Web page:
Aksine, I say. (That’s Turkish for “on the contrary“).
This week, Turkey’s parliament revived its ban on wearing headscarves on university campuses.
The reasoning for banning the hijab is simple. Some factions of the secularist movement feel that public wearing of the hijab undermines the separation of religion and state. Some secularists fear that a visibile symbol of religiosity could lead to a rise in fundamentalism.
Turkey is an overwhelmingly Muslim country. It is also a democracy. Restricting freedom of religious observation and expression, then, seems wrong – doesn’t it? After all, hijab-wearing women aren’t demanding that public institutions stop activity during the five daily prayers (though interestingly, the call to prayer is still heard throughout the country) or asking that all women wear the headscarf.
Some of the ban’s supporters make an argument I’d like to find valid. They assert that for women otherwise forced to wear the hijab by their families or husbands, the ban provides a space – be it on the workforce or in the university – where they will be not just able, but required, to go without a headscarf. In short, women who don’t want to wear the hijab would be protected by the law.
In theory, this makes some sense. However, to believe that legislation like this would protect women from unreasonable family members is, I believe, profoundly naïve.
Do the ban’s supporters really think that a woman returning home to an illogical family or spouse will be well received without her hijab? Do truly oppressive, dogmatic families care that the law requires the women in their lives to violate what they view to be a religious obligation? Certainly not. The very nature of such mentalities is that they are beyond reason. I’m not endorsing the behavior of those who would mistreat the women in their lives. I’m simply acknowledging that they exist. I’m being realistic in a way that I wish the ban’s supporters would be. Women must follow this law – and thus it is women who will be directly impacted by the reactions it sturs.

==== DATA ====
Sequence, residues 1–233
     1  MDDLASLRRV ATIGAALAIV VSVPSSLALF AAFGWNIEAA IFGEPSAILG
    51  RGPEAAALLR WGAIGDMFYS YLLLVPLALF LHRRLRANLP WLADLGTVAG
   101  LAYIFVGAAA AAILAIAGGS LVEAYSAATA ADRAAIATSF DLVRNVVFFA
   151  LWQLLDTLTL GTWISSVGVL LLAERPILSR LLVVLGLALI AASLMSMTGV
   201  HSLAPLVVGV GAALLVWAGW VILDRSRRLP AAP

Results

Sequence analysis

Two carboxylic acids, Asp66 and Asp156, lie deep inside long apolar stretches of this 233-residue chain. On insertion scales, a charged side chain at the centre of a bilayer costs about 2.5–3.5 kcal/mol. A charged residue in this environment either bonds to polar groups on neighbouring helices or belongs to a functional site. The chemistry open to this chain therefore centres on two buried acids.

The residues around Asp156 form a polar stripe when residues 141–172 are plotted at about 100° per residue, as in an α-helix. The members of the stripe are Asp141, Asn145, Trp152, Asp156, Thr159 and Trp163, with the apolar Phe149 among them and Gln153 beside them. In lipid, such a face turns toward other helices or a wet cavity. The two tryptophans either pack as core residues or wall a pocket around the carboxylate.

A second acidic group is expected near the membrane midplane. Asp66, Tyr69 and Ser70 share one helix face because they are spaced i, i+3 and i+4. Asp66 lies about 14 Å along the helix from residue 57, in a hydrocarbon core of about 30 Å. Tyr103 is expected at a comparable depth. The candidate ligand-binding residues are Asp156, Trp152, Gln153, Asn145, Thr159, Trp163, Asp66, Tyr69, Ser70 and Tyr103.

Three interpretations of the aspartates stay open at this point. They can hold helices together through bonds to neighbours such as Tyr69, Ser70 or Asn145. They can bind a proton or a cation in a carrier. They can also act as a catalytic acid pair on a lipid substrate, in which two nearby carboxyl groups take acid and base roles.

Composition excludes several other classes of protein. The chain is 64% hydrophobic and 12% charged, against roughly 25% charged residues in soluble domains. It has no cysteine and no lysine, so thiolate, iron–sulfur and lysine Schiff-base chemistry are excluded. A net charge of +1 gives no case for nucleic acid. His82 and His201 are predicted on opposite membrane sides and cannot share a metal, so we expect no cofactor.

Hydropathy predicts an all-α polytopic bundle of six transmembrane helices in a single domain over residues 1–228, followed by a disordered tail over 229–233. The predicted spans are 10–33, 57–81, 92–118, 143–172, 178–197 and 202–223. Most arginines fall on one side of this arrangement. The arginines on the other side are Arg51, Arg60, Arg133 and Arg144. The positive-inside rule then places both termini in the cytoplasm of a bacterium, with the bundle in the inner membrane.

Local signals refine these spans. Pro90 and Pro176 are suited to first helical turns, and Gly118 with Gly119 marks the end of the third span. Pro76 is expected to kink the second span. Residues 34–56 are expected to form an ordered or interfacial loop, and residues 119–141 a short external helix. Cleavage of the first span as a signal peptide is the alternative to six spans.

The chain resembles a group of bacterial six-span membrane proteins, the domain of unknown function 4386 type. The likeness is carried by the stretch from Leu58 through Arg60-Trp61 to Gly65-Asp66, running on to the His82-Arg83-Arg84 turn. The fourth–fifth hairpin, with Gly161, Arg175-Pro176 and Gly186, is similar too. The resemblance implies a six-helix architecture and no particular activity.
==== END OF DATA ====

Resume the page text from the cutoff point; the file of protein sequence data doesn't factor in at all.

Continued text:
I’d argue that women aren’t at all protected here. In fact, legislating women’s self-presentation is the oldest and most repressive game in history. Women’s bodies have always been used as a measure of a community or nation’s purity – be it racial, cultural, religious or secular. Rather than protecting women, then, the state sacrifices them to protect itself. It is women who will have to live with the spiritual, familial and other struggles of this legislation.
If Turkey is serious about democracy, and serious about the separation of religion and state, it would not restrict the choices women can make about their self-presentation and religious expression.
Turkey has good reason to be concerned about fundamentalism. The country must work to protect its democratic system. However, it needn’t borrow from fundamentalists by telling women how to dress.
A much more democratic approach would be to enhance education and vocational training for women – in a way that would reach both more conservative and more secular communities. It would also challenge those men (and women!) who would mistreat a non-hijabi woman. Further, resisting censorship (did you know that all of WordPress is banned in Turkey? All in an effort to silence a secular-minded Muslim!) doesn’t send the message of democracy. Reforming the Muslim mindset – including focusing on the education of both male and female children – establishes a robust, dynamic society. Legislating what women put on or take off, however, is the same tactic used by the enemies of democracy.
Why must women prove Turkey’s democratic success with their bodies rather than with their minds and their votes? Ultimately, the hijab ban tells us that the government can’t prove its own legitimacy as a democracy that protects women, their voices, and their bodies.
Interesting, isn’t it, that the United States presents Muslim women with more opportunities to express “traditional” Islam than a country that is, in fact, 98% Muslim?